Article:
Born and raised in the Carolinas, Stephanie Rerych thought it would be "an adventure" to follow her boyfriend when he accepted a job in Minneapolis.

When they arrived in January, they were busy unpacking and settling into their jobs; Rerych as a corporate trainer, her boyfriend in a medical device company. They only ventured out sporadically, but were looking forward to meeting people and exploring the Twin Cities in spring.

"Before we had the chance to experience the city, COVID shut it down," said Rerych, 30. "It feels like we're waiting in the wings. I know there are like-minded people we could hang out with, but how do you meet them in a safe way?"

Minnesota has long had the rap of being tough on newcomers. With a high percentage of natives, many locals are too busy with their families and old friends to have time for — or interest in — making new relationships. Add the Scandinavian reserve and the many months when winter keeps people indoors and you've got a challenging environment for newbies.

"My boyfriend and I joke that we need a friend app," said Rerych. "We don't blame Minneapolis — we're charmed by the city, but we don't know how to break in and connect."

Clubs and meetups where they might have made overtures have canceled their meetings and activities. Nightclubs, bars and other public gathering spots where people circulate are shuttered.

Many businesses have sent their workers home, eliminating the possibility for newcomers to chat at the office coffee pot or snag an invitation to after-work happy hours. With many youth activities canceled, even those with children can't tag along to their practices or lessons in hopes of meeting other parents.

Jo Meyer still considers herself a Twin Cities newcomer even though she and her husband left their small Iowa hometown when they retired five years ago, moving to Bloomington to be closer to their daughter.

"We're in a condo and people were friendly, but we wanted a life outside that," said Meyer, 67.

Looking online, she found the Newcomers of the Southwest Suburbs, which she calls "a lifesaver." Now membership chair of the 90-member group, Meyer has used the club to find friends and other couples to socialize with.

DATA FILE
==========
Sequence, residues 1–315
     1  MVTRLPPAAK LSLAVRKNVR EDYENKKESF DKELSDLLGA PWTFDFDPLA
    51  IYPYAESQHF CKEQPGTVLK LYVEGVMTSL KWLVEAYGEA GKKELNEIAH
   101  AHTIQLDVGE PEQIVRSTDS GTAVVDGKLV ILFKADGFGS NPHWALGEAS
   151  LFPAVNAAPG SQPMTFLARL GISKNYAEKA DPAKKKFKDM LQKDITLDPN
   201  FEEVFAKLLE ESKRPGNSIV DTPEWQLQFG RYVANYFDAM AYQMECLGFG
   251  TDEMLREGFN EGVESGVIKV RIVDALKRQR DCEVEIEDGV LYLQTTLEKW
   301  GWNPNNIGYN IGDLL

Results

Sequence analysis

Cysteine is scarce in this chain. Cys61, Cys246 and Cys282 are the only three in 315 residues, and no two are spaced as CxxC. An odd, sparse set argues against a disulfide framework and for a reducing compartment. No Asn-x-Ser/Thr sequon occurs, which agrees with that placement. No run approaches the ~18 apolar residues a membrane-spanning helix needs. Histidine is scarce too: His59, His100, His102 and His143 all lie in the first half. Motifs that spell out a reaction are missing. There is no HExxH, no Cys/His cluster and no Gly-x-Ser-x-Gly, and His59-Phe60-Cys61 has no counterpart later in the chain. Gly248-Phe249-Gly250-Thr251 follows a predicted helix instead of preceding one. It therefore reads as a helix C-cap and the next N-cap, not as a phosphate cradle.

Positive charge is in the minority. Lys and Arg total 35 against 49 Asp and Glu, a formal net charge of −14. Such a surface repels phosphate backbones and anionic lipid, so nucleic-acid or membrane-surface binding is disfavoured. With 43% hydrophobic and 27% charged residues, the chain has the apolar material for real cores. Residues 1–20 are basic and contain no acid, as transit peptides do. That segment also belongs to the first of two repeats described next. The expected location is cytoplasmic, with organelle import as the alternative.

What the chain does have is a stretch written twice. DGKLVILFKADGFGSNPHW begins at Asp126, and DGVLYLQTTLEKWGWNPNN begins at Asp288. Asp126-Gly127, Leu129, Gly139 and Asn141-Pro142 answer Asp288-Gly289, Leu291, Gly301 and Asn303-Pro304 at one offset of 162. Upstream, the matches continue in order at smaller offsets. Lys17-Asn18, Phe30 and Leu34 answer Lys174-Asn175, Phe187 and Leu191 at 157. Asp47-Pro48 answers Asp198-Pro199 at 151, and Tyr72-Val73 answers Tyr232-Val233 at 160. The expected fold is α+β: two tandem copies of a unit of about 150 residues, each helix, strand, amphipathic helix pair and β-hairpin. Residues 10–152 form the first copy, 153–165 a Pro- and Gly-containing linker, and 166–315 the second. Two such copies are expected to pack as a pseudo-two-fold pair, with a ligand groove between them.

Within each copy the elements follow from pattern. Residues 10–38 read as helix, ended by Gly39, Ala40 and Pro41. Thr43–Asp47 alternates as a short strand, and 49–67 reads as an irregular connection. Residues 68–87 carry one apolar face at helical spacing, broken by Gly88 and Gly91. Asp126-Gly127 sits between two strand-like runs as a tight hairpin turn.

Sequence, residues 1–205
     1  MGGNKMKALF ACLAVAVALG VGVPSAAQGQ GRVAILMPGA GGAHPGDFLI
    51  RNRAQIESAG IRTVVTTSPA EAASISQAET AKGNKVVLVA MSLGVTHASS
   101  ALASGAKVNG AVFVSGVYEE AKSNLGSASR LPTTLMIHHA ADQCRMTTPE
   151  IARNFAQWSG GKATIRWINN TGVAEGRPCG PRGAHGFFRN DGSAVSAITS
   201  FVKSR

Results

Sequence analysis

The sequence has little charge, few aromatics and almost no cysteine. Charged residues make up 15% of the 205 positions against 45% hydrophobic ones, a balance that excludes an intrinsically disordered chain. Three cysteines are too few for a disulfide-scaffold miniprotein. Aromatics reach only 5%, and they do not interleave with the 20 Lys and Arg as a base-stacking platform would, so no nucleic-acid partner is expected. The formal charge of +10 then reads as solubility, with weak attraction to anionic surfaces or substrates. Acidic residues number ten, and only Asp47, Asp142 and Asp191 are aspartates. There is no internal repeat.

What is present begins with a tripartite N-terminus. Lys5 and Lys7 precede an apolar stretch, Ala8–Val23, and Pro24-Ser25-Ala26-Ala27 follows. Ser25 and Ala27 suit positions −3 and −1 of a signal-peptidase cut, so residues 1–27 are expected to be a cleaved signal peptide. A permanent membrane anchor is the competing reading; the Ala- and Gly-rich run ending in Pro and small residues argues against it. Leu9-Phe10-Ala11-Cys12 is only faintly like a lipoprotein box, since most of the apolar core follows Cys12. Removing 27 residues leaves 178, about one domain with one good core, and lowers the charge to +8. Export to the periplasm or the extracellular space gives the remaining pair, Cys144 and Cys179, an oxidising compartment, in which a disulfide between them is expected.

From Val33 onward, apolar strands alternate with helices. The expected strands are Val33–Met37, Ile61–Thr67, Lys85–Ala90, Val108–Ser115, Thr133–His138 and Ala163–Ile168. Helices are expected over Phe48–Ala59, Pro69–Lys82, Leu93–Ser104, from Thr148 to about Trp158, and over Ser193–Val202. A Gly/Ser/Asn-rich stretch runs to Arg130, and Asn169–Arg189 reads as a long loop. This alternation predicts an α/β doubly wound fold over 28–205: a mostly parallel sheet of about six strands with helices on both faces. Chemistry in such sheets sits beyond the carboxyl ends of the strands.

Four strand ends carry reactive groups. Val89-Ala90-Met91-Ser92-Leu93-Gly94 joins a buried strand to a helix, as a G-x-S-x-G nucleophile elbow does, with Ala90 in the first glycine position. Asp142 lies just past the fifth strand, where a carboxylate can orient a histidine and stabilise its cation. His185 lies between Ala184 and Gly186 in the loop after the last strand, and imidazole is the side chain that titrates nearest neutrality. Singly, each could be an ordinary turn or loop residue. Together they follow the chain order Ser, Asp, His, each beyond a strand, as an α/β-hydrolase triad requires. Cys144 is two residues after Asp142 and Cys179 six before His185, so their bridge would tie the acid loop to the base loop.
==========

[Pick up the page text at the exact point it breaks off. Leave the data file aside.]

"We have maybe 20 small activity groups for people interested in bridge, Mahjong, knitting, gardening. You can go to chick flicks at the movies with a group or do charity work. Anyone can find something they're interested in," she said.

The pandemic put everything on hold but the book club, which now meets online. The monthly coffee to introduce new members and the annual Halloween and holiday parties have been scratched.

"It's hard on everyone, but especially the newest people," said Meyer. "I feel bad for them."

Welcome to work

Welcoming new residents is more than just neighborly; it's good business.

According to Census Bureau data, between 80,000 and 90,000 people relocate to the Twin Cities metro area every year. Those new residents are critical to growing the local economy.

"Going into this [the pandemic], we had tens of thousands of job openings. We have a labor force gap and we need more workers just to stay flat," said Matt Lewis, vice president of strategic initiatives for Greater MSP, the regional economic development engine. "Even organizations that have frozen their hiring for now are going to need people as we come out of this."

The organization previously sponsored monthly networking events, volunteer activities and nights out at the theater or in the stands of the professional sports teams. The casual activities and professional mixers are meant to introduce and possibly spark friendships between newcomers and locals. But for months the calendar has been cleared; even the event-jammed Welcome Week, scheduled every year in September, had to cancel.